Your body is capable of so much. Like a well-oiled machine it keeps your blood pumping and your organs working, but even machines require a little grease now and then. Vitamins and minerals are essential for keeping everything in working order. These nutrients help your body perform on a daily basis. Too much or too little of these additives can be detrimental. But what are vitamins and minerals? Vitamins and minerals are both known as micronutrients, because your body only needs a small amount. Failing to consume micronutrients can cause vitamin and mineral deficiency-related diseases. There are at least 30 essential nutrients your body requires that it cannot make on its own. What is the difference between vitamins and minerals? The difference comes from their basic structure.
- Vitamins are organic structures that can be broken apart by heat, air, or acid. The fragile nature of vitamins means they can become inactive simply through cooking, storage and air exposure.
- Fat-Soluble Vitamins: These are vitamins that mesh with the fat in your body rather than flowing through the bloodstream. Fat-soluble vitamins are held in the fat tissues and liver and released when needed. Micronutrients in this category such as vitamin A, D, E and K help build bones protect vision and protect the body.
- Water-Soluble Vitamins: These micronutrients are dispersed through the watery foods you eat and are absorbed into the bloodstream during digestion. These vitamins circulate easily through the body and are regulated by the kidneys. Water-soluble vitals include biotin, folic acid, riboflavin and vitamin B12. They are good for releasing and producing energy, building proteins and making collagen.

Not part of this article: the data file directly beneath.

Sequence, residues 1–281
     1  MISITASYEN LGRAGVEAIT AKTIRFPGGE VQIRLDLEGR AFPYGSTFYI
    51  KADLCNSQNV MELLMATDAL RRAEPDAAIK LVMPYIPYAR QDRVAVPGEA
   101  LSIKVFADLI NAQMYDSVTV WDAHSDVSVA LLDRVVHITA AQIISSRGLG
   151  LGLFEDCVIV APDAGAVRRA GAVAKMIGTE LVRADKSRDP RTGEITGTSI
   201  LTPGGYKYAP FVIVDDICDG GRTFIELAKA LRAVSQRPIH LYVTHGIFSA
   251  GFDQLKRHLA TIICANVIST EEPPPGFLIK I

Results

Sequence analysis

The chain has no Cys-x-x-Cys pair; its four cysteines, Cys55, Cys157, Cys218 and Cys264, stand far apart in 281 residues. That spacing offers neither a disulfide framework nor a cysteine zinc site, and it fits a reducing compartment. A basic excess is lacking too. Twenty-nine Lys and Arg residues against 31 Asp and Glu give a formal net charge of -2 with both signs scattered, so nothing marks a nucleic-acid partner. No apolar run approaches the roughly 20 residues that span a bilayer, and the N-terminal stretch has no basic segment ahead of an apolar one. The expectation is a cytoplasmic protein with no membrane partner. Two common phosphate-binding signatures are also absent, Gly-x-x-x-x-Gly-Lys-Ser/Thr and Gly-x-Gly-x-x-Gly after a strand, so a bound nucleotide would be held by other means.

- Minerals, on the other hand, are inorganic and maintain their chemical structure. Even though minerals are inorganic it is easier to consume them, as they find their way in through plants, fish, animals and fluids.
Vitamins and Minerals in Food
It’s time to make your grocery list, but where to begin? Here is a breakdown of where to find specific vitamins and mineral:
- Fat-soluble vitamins (vitamin A, D, E and K): Animal fat, vegetable oil, dairy, liver, oily fish.
- Water-soluble vitamins: (vitamin C and B, folic acid): Fruits and vegetables, grains, milk, dairy.
- Minerals: Meat, cereals, fish, milk, nuts.
Vitamin and Mineral Supplements
It seems an easy choice to reach for vitamin and mineral supplements if you aren’t meeting your micronutrients quota, but be careful. Too much of anything can be a bad thing, so make sure that if you are taking vitamin or mineral supplements you talk to your doctor first. Some people may benefit from or require vitamin and mineral supplements more than others. For example:
- Pregnant women.
- Women who are breastfeeding.
- Cigarette smokers.
- Illegal drug users.
- The elderly.
- Vegetarians or vegans.
- Women who bleed excessively during menstruation.
- People with food allergies.
It is recommended to get your vitamins and minerals in food form over pill form, as it is shown to provide stronger benefits. Remember –overuse of supplements can lead to health problems such as:
- Large doses of fish oil can lead to blood clotting.
- Iron toxicity can cause bowel problems.
- Overdosing on vitamin A may cause birth defects.